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We ran out of disk space and we have a table with about 10million records.

We'd like to delete the old records which are about 2million.

What are the impact of just deleting these using a simple DELETE command on production?

What's the best way to do this?

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migrated from Dec 18 '12 at 16:01

This question came from our site for professional and enthusiast programmers.

The impact will depend on a number of things including your dependencies and indexes on the table. If there are few dependencies (i.e. foreign keys) and few indexes then the delete will go faster. In any case it is best to do this type of operation "off peak" hours when there are the fewest number of users on the system.

If you're in the pinch right now then you'll have to perform the delete now. The system will be a bit slower than usual while the delete is taking place.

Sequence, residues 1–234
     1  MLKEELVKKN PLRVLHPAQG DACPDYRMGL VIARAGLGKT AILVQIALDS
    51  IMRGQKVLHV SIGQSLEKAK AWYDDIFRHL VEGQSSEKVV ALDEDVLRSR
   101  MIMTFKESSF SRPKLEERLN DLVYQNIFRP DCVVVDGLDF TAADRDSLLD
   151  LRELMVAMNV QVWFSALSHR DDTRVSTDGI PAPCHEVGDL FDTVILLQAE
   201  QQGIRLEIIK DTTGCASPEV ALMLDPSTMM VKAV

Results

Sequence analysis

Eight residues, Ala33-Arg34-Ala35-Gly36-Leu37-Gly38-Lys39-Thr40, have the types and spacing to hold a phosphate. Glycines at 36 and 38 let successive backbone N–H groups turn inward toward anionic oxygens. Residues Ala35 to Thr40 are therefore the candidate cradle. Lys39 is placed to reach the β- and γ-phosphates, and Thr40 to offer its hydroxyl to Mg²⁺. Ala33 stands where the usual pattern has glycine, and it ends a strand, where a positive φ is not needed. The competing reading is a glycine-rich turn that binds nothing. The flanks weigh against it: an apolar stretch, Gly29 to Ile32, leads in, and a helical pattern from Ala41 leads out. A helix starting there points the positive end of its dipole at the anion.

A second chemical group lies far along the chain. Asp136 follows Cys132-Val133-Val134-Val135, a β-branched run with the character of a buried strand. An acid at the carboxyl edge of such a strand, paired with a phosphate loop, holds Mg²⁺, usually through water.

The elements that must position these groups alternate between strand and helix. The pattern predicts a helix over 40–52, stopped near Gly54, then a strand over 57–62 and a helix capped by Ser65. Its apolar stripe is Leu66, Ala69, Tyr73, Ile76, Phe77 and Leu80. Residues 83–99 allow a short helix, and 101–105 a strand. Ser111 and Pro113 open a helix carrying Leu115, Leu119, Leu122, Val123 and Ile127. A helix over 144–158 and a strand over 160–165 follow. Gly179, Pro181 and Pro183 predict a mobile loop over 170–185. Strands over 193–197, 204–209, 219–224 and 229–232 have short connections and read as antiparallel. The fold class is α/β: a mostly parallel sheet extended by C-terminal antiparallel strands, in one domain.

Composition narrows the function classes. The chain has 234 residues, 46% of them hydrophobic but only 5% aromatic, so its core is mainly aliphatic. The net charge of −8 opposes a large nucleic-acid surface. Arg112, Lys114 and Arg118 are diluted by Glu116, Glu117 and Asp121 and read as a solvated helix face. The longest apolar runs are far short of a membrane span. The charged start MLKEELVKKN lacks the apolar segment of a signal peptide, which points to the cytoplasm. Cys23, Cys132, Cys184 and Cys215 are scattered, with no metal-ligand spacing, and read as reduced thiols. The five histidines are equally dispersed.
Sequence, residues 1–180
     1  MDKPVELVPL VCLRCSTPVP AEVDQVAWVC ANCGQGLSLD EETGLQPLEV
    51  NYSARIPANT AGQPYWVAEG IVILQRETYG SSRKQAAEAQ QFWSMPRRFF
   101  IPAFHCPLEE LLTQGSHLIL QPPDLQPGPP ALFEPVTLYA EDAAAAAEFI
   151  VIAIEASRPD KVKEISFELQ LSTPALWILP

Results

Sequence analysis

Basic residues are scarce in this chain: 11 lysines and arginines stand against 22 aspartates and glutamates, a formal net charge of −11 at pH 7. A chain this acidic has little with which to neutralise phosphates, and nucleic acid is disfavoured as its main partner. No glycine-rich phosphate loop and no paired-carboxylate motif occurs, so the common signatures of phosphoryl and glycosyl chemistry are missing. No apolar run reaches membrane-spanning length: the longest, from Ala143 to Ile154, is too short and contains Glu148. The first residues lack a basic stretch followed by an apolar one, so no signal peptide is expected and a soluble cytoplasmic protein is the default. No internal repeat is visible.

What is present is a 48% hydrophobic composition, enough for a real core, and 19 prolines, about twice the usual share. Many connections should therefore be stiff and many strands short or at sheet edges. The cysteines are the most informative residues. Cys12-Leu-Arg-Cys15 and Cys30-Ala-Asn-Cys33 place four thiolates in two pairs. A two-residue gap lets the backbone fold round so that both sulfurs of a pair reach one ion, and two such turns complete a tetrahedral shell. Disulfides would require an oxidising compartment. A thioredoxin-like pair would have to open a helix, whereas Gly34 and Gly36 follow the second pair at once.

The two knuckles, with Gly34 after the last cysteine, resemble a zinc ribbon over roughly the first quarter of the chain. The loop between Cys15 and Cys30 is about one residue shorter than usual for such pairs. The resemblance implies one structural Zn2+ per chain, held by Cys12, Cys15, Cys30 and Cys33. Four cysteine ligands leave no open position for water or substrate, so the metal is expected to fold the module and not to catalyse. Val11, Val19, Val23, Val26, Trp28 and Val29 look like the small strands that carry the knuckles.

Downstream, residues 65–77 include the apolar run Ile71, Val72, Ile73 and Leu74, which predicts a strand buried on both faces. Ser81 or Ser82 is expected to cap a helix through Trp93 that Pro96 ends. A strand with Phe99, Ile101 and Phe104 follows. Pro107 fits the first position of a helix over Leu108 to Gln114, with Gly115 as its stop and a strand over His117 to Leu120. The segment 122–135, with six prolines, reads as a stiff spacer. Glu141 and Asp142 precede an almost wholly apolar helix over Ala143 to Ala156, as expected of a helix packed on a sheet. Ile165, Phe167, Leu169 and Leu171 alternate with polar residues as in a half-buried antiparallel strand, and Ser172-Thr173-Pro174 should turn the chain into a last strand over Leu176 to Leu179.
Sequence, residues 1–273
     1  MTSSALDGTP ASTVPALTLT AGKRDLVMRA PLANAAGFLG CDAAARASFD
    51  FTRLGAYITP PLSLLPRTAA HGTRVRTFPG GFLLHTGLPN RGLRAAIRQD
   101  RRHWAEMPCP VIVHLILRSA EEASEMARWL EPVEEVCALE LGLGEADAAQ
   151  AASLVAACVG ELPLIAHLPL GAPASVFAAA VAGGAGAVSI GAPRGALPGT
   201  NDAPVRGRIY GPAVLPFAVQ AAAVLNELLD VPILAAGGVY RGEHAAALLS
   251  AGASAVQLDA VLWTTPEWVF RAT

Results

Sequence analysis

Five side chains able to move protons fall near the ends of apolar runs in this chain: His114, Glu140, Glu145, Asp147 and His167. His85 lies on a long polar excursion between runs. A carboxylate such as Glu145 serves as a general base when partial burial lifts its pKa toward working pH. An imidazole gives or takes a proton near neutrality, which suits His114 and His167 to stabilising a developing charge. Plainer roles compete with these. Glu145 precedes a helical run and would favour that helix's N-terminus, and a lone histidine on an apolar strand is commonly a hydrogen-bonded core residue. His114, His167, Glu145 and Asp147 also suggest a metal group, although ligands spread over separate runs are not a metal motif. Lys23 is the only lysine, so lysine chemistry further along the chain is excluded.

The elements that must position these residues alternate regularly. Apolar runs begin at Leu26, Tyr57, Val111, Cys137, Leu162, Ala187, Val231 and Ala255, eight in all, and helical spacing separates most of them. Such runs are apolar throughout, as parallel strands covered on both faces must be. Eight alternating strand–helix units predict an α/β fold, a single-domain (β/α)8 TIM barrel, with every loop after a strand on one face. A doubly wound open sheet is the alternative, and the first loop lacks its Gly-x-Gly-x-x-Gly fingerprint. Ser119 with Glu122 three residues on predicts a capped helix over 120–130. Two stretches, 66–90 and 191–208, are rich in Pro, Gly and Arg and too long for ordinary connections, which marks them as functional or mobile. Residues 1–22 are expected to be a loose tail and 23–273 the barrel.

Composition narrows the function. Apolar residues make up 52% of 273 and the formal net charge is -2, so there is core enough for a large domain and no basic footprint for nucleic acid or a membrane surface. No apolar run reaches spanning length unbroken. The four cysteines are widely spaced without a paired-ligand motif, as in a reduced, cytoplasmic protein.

You should also understand that due to the way database and log files grow in SQL Server you will not suddenly have a bunch of disk space to work with. To free up more disk space you need to look into other things (in the short term) such as log truncation and db shrinking. Then, figure out a better long-term disk solution.

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A delete of 2 million records will hit the transaction log for 2 million and if you are out of disk space it simply will not complete.

Is logging set to simple?

Fist look for relief some where else.
Cache, temp, ...
Can you move backup(s) to another box?
Are there tables you plain don't need?
Are there tables you can truncate (does not hit transaction log).

You are going to need to delete a few records at a time.
I would start with 1,000 then 2,000 and double up until you get to 100,000 at a time.

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This might take a long time depending on indexes and such. What I have done in the past is to delete maybe 50,000 or 100,000 at a time. This will keep you up and running while minimizing your slowdowns.

Also, I ran into problems doing this programmatically. PHP, for example will issue the commands buy actual deletes will be cached by the server. If you need just a little space to keep things going, this approach will get you there with the least amount of system lag.

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